Washington Monument

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2 15th St NW, Washington, D.C.  20024

In Advise and Consent:

“Here between the Capitol and the town he stood suspended between the two parts of his life, the great floodlit building above, and below, when he turned to stare down the Mall, the imperial needle of the Washington Monument, the lower mas of the Lincoln Memorial, the glow of the city, the dim hills of Virginia … and the White House, distant and almost lost amid the haze of lights and the soft concealment of the trees.

Almost lost.… Almost lost. Why did he not be honest with himself and say, completely? For it was, he knew it now, there had never really been the slightest doubt in his heart of hearts what he was going to do. He had gone through the hours since receiving the President’s offer as though he were sleepwalking; and each new rebuff he had received from those he had counted on to help him in his time of greatest need had simply confirmed his strange impression that somehow it was all something in a dream, that he was wandering out of bounds on the edge of destiny and sooner or later would have to wake up.”  Page i1481

In Real Life:

It’s fitting that Senator Orrin Knox is looking over the Washington Monument at the moment he’s making a big decision in Advise and Consent.  He’s struggling with his conscience.  I can’t be sure but I bet Allen Drury did it on purpose.  He probably wanted Knox to consider our most celebrated Founding Father, George Washington, the first President of the United States, while he was trying to determine if he should sell his vote for the promise of that office. Anyway – that passage certainly serves as an invitation to get over to the Washington Monument.  And, I would have – if it had been open – but it was closed for repairs until Spring of 2019.

Even if you can’t go into the monument – it’s still something you’re forced to reckon with as your eyes sweep the skyline of Washington D.C. The Founding Fathers didn’t really have that in mind exactly when they decided they wanted to build a monument and dedicate it to President George Washington. They just wanted something – but Washington scrapped the plan because he said it would cost too much money. Later – in 1833, a loose confederation of Washingtonians created the Washington National Monument Society to come up with a plan to build one. They held a contest and picked an architect – Robert Mills – and in 1848 the first cornerstone went in.  The monument went up 150 feet over the next six years but then funds ran out. Then came the Civil War – another non-starter. However, when the nation reunited – everyone wanted to get back to work on that nub of an obelisk. The Army Corp of Engineers took over the task but had trouble matching the stone. The original stone came from a quarry in Baltimore, Maryland but it was out of business. They brought in stone from a Massachusetts quarry but realized it was a different shade of white. Then, they went back to Maryland stone – which is yet another shade – so the monument is three different shades of white.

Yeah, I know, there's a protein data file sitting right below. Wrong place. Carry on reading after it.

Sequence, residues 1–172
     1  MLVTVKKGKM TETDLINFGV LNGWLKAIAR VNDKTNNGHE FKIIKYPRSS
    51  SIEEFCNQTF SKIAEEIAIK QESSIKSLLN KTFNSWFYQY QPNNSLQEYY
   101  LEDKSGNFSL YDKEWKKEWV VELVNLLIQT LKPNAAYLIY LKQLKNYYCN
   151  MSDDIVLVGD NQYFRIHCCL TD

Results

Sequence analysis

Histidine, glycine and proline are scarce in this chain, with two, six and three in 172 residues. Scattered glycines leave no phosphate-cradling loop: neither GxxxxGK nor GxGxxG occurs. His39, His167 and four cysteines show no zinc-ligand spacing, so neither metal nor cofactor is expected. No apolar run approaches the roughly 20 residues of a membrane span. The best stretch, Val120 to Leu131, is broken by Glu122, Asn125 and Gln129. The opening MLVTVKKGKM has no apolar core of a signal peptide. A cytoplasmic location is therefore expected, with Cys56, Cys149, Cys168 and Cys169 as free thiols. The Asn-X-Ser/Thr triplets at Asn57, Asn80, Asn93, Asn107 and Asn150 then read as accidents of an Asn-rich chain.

I caught glimpses of the monument as I wandered around the city and from my various vantage points – I couldn’t detect the shades of white.  However, the straight tall obelisk – sends a clear message – it’s a touchstone, a reminder that you’re in the nation’s capital. But it also conjures up the man it’s named for – tall, sturdy and unshakable. Washington was a force to be reckoned with – not just for the British but for the men with whom he fought the British to create this nation.

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